• YouTube
  • Tumblr
  • Instagram
  • Pinterest

As for the “what”, blog posts are the most common type of content marketing, but there’s much, much more you can do to for good content marketing..

  • Webpages. Obvious right? But the difference between a good and bad site is huge, and to have an effective platform for content marketing your site has to be good.
  • White papers and ebooks are increasingly popular, and ebooks (or good old fashioned paper books for that matter) can provide a great stream of revenue while simultaneously strengthening your brand.
  • Videos and Vodcasts can be published on your website or your YouTube channel. When you consider YouTube has over a billion users it makes sense to give it a go.
  • Infographics are a clever way to share statistics, charts, graphs and other information in a pictorial way. Pinterest offers possibilities here.
  • Case studies can be inspirational and show your audience just how they can benefit from your services or product.
  • Podcasts can be shared from your website or through vehicles like iTunes. They have the potential to put your business in front of a whole new audience.
  • Free apps that are valuable to your audience and strengthen your brand can buy loyalty.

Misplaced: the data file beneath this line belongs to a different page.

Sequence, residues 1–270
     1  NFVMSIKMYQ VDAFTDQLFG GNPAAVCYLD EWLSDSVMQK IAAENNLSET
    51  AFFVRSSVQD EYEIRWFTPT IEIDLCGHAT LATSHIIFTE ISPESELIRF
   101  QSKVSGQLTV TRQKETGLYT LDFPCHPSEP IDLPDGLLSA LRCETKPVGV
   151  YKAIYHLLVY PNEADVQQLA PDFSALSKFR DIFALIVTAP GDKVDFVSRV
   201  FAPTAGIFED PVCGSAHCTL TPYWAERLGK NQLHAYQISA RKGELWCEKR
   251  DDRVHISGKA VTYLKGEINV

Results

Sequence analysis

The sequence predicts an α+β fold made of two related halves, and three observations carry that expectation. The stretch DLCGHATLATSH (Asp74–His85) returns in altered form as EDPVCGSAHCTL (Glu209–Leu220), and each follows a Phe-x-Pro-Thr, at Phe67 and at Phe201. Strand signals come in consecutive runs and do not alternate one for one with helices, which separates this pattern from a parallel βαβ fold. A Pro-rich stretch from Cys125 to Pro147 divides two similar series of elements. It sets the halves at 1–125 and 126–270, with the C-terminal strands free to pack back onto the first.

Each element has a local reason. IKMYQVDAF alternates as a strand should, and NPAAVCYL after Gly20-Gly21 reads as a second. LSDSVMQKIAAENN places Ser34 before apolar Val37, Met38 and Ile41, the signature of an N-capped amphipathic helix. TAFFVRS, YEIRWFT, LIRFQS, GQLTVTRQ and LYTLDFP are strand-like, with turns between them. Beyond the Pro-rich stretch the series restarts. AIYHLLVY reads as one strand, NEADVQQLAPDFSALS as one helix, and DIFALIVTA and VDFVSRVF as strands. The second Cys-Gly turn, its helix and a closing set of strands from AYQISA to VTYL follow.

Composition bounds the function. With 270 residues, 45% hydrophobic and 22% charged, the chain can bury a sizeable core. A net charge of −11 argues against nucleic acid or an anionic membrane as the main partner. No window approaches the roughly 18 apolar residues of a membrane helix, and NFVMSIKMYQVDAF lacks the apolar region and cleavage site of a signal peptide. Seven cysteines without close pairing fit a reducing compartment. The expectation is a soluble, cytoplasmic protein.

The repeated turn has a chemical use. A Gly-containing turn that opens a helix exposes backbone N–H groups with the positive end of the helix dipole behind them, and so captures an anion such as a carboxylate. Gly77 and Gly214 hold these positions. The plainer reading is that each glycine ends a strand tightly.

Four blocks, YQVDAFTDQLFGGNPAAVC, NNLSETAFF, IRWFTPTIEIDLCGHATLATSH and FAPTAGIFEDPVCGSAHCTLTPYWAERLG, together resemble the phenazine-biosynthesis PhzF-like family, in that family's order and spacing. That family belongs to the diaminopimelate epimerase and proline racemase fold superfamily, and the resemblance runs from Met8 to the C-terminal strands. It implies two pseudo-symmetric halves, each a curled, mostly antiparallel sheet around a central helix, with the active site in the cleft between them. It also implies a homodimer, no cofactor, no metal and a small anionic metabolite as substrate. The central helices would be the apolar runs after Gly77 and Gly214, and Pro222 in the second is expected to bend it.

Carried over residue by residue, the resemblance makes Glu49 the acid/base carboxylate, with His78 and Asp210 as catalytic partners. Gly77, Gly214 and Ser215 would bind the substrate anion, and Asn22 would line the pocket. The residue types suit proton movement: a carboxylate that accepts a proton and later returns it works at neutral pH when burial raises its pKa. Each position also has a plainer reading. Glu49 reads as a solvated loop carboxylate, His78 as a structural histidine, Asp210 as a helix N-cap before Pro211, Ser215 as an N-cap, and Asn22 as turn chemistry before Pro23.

• Quizzes are a fun way to engage with your subscribers and inspire them to “like” and “share”.
  • Email newsletters are a way to re-engage with your customer base and to deepen your relationship with them.
  • Things like “Our top 10 tips” are fun, easy and quick to read and can help your audience navigate their way through a topic or decision.
  • How-to guides can be invaluable – especially for small business owners or those looking to start their own business.
  • Webinars are streamed online. They’re a great way to share useful information and create a sense of community.
  • Q&A’s are an easy way to offer your knowledge and skills up to your audience.
  • Surveys can help you find out what people want from your business and how they want you to communicate with them.
  • Interviews with other experts in your field or from related industries, shared on your website or through a podcast, give your audience valuable information.
  • Public speaking and presentations are another way to reach an audience – sure it will be smaller than online, but this direct contact can have much more impact.

And, of course, traditional mediums like magazines and journals sent through snail mail are still effective – the NRMA wouldn’t still be sending out the Open Road if it didn’t work.

What’s right for your business?

In my next post, I’ll talk about what it takes to create great content before looking at how to create a content marketing strategy.

HOWEVER, before you start generating content, it’s a good idea to nut out what mediums will work best for you. This will vary depending on the nature of your business and your skills.

My advice is usually to start with a blog and go from there. Learn everything you can about the benefits of each medium and then do what will work best for you.

If you’re unsure, the team at Online Influence can advise you on the benefits of each option and the right fit for your business.